y,+2, • • • and a constant interest rate 1 r > 0, the present value of the stream at time t is given by vv
y y'
'
44
+
1 + r
4
4
(1 + r)
2
(1 + r)
[1.1.12]
3
Let j8 denote the discount factor: /3  1/(1 + /)• Note that 0 < j3 < 1. Then the present value [1.1.12] can be written as
i
[1.1.13]
Consider what would happen if there were a oneunit increase in w, with wt+i, wt+2, • • • unaffected. The consequences of this change for the present value of y are found by differentiating [1.1.13] with respect to wt and then using [1.1.10] •The interest rate is measured here as a fraction of 1; thus r = 0.1 corresponds to a 10% interest rate.
4
Chapter 1
Difference Equations
to evaluate each derivative:
[1.1.14]
provided that j3
tL227l
is given by the (1, 1) element of F ; : 2 < 0, then the solutions Aj and A2 in [1.2.14] and [1.2.15] are complex conjugates. Suppose that A, and A2 are complex conjugates, written as Aj = a + bi
[1.2.32]
A2 = a  bi.
[1.2.33]
For the p = 2 case of [1.2.14] and [1.2.15], we would have a =
fa/2
b = (l/2)V4>i  4i = 0.6, 0 2 = 0.2 1.2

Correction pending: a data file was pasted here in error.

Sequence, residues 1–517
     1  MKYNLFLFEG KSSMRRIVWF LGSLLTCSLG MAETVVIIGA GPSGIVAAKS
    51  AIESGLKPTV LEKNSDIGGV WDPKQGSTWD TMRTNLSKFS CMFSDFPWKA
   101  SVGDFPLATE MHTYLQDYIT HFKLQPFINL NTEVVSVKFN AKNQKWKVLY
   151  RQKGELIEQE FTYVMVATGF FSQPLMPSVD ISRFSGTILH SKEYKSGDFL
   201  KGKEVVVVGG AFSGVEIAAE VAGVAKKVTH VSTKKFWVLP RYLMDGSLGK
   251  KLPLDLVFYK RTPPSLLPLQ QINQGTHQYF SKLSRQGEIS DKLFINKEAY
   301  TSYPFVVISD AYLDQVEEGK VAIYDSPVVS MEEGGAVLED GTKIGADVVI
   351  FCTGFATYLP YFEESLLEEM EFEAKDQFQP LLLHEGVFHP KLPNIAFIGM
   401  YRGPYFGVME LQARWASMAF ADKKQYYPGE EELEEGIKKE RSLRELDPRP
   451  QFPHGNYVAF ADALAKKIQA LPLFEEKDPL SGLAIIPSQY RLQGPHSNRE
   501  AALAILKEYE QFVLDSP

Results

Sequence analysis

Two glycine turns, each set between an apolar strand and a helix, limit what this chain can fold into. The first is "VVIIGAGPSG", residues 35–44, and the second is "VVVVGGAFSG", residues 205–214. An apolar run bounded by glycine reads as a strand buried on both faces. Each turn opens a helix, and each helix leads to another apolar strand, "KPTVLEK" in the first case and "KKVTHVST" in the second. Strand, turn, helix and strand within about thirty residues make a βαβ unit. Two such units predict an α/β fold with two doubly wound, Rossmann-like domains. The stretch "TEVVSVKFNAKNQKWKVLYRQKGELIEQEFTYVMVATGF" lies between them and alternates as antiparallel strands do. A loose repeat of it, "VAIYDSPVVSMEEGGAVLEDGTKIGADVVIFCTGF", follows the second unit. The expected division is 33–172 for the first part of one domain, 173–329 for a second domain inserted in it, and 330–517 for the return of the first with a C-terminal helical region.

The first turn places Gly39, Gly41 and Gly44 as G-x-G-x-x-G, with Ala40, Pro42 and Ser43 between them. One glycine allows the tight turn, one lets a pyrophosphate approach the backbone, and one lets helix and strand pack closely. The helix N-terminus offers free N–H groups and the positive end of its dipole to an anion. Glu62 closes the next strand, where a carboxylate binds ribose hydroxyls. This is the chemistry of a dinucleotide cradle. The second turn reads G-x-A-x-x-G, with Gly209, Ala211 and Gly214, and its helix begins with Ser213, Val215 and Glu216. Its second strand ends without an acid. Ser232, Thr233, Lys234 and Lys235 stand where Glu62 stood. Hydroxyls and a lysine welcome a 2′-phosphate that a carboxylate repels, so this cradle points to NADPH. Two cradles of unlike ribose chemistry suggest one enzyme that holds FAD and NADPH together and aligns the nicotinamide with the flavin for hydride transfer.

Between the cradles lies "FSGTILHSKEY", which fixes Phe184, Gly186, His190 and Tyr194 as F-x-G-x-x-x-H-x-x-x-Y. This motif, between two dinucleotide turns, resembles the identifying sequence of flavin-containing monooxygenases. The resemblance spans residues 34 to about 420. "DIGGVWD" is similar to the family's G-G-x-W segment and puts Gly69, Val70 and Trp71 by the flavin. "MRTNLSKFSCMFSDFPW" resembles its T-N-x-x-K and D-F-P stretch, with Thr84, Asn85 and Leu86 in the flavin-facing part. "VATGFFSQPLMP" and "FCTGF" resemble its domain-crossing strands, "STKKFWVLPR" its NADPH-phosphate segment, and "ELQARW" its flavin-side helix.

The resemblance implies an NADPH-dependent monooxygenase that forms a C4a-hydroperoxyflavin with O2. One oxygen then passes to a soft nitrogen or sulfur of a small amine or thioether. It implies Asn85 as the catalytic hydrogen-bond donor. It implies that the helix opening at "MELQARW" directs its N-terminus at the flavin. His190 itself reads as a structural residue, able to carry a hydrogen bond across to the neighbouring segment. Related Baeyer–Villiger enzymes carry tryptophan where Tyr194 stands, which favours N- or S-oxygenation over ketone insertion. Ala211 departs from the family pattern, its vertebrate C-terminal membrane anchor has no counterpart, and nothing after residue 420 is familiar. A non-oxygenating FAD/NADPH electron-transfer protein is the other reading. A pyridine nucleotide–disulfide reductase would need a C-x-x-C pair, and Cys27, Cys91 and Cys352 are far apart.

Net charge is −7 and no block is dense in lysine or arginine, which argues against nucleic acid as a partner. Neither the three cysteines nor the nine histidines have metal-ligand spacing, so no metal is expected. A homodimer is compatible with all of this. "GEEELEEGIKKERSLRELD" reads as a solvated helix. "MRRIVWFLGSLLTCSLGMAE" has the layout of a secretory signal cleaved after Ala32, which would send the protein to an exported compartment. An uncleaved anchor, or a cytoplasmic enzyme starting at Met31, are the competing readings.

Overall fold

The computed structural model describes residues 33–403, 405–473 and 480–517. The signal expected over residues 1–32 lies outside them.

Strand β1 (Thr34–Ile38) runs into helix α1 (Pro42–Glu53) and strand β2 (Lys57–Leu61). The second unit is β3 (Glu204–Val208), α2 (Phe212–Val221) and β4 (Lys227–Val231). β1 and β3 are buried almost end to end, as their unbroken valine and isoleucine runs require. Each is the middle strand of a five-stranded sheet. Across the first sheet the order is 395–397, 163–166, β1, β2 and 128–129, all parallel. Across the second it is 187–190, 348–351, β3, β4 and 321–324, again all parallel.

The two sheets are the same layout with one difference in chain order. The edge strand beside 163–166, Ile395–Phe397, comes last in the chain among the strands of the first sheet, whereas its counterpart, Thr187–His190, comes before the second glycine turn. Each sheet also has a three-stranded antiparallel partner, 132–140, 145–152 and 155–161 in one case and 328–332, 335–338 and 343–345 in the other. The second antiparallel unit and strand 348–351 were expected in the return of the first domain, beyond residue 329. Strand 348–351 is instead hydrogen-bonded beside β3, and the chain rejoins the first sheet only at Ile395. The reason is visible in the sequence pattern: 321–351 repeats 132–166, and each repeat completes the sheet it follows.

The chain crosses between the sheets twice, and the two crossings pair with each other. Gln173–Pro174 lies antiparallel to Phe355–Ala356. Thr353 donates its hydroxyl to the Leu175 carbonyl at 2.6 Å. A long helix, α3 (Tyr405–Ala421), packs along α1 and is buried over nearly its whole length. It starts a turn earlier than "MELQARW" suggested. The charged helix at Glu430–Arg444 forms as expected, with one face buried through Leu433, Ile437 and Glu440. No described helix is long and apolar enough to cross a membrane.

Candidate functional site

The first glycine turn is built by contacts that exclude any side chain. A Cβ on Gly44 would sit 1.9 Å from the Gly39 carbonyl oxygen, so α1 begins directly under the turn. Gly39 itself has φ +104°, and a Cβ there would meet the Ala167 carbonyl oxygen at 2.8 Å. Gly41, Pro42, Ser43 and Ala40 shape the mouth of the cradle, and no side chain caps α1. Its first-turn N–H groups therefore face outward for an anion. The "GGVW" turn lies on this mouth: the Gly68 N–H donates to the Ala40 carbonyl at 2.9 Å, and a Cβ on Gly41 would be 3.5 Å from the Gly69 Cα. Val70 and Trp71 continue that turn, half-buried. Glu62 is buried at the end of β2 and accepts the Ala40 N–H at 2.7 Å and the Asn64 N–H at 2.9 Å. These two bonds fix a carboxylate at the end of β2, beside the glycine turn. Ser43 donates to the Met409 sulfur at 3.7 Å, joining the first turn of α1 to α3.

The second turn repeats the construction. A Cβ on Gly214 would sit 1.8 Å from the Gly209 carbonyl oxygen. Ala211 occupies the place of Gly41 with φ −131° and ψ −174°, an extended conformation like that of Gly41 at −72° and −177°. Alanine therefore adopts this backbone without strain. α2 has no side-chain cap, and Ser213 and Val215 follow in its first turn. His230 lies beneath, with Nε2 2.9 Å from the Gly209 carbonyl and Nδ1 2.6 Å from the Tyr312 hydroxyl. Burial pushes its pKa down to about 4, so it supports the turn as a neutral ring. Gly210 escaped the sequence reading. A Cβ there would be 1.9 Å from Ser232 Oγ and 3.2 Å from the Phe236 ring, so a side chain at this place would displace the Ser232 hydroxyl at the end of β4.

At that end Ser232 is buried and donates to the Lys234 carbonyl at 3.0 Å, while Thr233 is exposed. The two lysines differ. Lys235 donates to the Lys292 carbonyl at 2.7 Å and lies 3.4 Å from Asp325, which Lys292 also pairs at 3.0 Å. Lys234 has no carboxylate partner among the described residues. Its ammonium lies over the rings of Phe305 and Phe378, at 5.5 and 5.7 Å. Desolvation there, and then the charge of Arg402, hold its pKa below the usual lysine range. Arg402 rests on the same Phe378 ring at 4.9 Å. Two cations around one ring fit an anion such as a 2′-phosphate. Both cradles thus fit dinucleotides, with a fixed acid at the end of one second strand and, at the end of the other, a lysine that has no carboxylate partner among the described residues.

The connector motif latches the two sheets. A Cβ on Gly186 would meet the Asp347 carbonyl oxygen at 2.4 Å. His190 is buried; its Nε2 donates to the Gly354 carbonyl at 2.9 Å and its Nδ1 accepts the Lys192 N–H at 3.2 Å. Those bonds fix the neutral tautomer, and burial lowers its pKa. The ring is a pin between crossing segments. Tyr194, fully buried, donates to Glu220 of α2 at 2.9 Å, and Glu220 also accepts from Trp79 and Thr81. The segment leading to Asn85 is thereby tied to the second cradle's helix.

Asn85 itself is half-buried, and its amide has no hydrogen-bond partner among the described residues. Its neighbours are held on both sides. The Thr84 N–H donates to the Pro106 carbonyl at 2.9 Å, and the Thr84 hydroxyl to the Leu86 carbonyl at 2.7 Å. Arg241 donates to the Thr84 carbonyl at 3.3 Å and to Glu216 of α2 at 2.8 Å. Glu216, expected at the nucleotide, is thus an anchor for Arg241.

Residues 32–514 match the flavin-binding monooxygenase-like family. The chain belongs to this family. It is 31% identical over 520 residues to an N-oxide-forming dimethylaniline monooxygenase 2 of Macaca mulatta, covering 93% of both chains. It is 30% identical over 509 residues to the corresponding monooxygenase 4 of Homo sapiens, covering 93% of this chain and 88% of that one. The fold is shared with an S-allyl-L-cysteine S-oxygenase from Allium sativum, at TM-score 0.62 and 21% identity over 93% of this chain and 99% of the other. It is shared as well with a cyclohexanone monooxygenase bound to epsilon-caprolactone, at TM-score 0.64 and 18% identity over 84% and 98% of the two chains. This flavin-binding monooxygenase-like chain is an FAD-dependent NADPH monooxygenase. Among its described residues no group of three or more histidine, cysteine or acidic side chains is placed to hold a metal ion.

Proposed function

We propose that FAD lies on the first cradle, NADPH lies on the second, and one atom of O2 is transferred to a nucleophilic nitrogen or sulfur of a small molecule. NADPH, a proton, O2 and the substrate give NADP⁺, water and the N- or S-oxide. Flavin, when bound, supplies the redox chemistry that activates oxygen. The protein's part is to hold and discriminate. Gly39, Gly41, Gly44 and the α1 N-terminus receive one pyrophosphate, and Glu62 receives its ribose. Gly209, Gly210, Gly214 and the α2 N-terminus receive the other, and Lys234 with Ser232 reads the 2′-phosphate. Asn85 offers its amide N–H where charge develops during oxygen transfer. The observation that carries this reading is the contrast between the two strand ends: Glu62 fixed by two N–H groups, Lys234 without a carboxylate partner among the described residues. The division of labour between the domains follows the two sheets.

I
.!•
•
1.2
20
(b) 0, = 0.5, 0 2 =  0 . 8 FIGURE 1.4 Dynamic multiplier for secondorder difference equation for different values of i and 0 2 (plot of dyt+J/dwt as a function of the lag /).
Substituting [1.2.37] and [1.2.38] into [1.2.29] gives the contribution of the complex conjugates to the dynamic multiplier dyt+jldwt: cxk{
c2,R>[cos(0/) 
isin(fly)]
 c 2 /?''sin(0y).
The appearance of the imaginary number i in [1.2.39] may seem a little troubling. After all, this calculation was intended to give the effect of a change in the realvalued variable w, on the realvalued variable yt+j as predicted by the realvalued system [1.2.1], and it would be odd indeed if the correct answer involved the imaginary number i\ Fortunately, it turns out from [1.2.25] that if X.t and A2 are complex conjugates, then cx and c2 are complex conjugates; that is, they can 1.2. pthOrder Difference Equations
15
be written as Cj = a + pi c2 = a 
pi